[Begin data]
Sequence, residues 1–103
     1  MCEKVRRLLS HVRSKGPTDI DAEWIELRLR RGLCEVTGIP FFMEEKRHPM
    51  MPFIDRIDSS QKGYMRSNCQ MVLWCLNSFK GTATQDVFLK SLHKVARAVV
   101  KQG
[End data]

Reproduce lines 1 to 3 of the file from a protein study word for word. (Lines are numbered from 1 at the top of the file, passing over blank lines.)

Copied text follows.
Sequence, residues 1–103
     1  MCEKVRRLLS HVRSKGPTDI DAEWIELRLR RGLCEVTGIP FFMEEKRHPM
    51  MPFIDRIDSS QKGYMRSNCQ MVLWCLNSFK GTATQDVFLK SLHKVARAVV